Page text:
Program Success November 2014 | Page 14

Demetria L . Lucas Having a Black Name Orlando , Florida November 2014
D I ' '
BY : DEMETRIA L . LUCAS Guest Columnist
Last week the Kansas City Star published " Burdened by Bigotry , a Girl Born Keisha Changes Her Name ." A 19-year-old woman born to a single white mom ( and a seemingly absentee black dad ) explained to the publication why she opted to switch from what is widely considered to be a black name to a name-Kylie-that ' s , let ' s face it , stereotypically considered more " white ."
"[ Changing my name isn ' t ] something I take lightly ," Kylie told the publication . " I put a lot of thought into it . I don ' t believe you should just change your name or your face or anything like that on a whim . I didn ' t want to change my name because I didn ' t like it . I wanted to change my name because it didn ' t feel comfortable . I don ' t connect to it ." According to the article , Kylie ' s mother originally decided on the name " Keisha " because she wanted her daughter to have a name that " represented a strong , feminine , beautiful black woman " and wanted to " instill that confidence and connectivity to the culture ."
I respect that . Just as I do Kylie ' s wish to change her name from " Keisha ." It ' s her name , and she can do what she wants with it . But despite the tears of joy that flowed when the interviewer asked her how she felt the first time she was called by her new name , I don ' t believe Kylie will get the desired result that she ultimately seeks , which is acceptance in her community . ( The reporter described it as not diverse and not having a lot of black people .) Kylie ' s peers reacted negatively to her old name , associating it and , by proxy , her with ignorant stereotypes about black people . Kylie wanted to end that , and the name change was her solution . But what she doesn ' t seem to realize yet is that it isn ' t the name that ' s the problem-it ' s the black , which she can ' t do anything about .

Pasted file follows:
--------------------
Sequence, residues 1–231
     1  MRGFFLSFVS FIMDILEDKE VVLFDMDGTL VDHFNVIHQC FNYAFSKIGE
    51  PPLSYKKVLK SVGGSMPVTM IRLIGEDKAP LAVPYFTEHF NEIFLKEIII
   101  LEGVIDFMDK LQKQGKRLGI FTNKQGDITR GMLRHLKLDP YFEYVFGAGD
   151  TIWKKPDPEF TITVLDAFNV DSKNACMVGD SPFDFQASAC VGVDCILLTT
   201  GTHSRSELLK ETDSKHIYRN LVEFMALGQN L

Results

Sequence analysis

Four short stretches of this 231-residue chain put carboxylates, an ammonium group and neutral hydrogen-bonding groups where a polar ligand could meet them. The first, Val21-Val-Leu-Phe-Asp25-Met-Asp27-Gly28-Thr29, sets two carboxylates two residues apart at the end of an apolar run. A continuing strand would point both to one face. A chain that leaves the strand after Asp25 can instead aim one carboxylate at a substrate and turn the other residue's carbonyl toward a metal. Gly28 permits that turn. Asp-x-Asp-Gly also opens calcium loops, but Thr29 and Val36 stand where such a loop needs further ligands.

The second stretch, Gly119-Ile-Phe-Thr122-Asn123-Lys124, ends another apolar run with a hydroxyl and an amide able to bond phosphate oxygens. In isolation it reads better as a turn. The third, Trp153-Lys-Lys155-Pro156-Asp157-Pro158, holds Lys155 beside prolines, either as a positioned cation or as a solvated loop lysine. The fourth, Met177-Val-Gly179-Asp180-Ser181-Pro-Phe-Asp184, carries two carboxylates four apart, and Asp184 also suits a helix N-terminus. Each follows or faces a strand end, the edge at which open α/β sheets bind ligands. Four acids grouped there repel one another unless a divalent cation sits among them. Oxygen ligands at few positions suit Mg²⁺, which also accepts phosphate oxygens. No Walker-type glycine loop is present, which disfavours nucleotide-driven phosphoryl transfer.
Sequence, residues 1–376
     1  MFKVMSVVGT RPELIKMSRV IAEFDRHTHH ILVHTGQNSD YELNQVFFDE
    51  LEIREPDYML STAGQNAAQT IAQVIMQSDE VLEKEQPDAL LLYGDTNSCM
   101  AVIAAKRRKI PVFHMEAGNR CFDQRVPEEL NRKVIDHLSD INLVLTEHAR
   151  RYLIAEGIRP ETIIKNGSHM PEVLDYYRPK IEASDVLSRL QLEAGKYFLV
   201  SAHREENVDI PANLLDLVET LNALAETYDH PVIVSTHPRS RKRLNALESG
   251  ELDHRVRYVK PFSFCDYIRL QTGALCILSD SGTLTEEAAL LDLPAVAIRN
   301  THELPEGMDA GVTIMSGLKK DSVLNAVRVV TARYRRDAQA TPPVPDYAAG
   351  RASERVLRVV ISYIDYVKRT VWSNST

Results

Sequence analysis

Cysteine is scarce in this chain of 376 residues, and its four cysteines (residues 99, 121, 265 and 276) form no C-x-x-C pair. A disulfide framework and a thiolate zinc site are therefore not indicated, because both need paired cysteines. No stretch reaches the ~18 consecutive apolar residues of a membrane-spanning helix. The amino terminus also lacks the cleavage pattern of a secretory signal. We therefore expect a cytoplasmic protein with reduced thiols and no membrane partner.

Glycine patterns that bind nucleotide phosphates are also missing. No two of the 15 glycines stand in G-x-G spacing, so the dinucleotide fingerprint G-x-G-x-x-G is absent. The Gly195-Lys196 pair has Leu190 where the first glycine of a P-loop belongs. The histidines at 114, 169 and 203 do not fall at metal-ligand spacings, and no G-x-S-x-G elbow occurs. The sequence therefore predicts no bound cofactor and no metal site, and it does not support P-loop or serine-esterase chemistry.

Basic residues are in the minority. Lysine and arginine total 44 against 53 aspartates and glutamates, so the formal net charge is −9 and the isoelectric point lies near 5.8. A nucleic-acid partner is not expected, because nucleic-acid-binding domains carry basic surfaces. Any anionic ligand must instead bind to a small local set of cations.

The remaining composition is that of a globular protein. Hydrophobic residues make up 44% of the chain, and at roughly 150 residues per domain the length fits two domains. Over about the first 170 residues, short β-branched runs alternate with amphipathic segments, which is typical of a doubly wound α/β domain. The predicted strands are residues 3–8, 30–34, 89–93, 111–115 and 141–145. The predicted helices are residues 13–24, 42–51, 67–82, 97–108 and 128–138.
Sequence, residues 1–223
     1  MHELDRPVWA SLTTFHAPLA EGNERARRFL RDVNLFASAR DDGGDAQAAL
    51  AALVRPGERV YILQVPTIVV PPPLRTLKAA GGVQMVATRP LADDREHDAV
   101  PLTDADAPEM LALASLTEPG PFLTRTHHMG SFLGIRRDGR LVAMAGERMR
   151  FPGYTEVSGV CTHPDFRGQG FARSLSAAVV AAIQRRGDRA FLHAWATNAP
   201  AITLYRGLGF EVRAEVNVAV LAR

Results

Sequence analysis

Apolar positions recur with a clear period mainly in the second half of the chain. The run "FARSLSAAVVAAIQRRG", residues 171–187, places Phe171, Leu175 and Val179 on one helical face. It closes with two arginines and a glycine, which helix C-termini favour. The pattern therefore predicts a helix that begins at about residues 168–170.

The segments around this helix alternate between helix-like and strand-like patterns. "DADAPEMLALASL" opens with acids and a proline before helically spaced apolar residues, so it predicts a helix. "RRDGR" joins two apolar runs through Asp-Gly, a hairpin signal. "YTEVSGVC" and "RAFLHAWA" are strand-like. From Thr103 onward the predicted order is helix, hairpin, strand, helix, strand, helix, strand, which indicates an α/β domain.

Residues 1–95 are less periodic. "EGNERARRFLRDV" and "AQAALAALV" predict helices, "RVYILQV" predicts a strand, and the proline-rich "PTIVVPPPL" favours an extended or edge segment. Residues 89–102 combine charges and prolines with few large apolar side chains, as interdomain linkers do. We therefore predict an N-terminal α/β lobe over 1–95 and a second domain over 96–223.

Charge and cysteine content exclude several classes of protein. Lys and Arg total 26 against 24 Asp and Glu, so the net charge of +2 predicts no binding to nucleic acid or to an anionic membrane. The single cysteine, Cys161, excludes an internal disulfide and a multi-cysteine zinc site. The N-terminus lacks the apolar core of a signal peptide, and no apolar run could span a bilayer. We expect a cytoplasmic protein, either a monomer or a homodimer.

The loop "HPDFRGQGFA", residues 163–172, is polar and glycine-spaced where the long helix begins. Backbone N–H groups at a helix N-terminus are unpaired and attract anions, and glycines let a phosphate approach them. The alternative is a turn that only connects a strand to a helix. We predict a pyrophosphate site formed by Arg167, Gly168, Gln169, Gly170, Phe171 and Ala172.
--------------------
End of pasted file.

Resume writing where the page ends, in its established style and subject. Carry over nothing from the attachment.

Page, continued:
I have a unique name , at least in the United States . It ' s as common as " Mary " in Greece , and I was told by another " Demetria " ( also black ) who traveled there that our name can even be found on key chains in tourist shops . Long before I was even thought of , my father heard the name when he was stationed overseas in the service and decided that if he had a daughter , he would give her that name . Voila .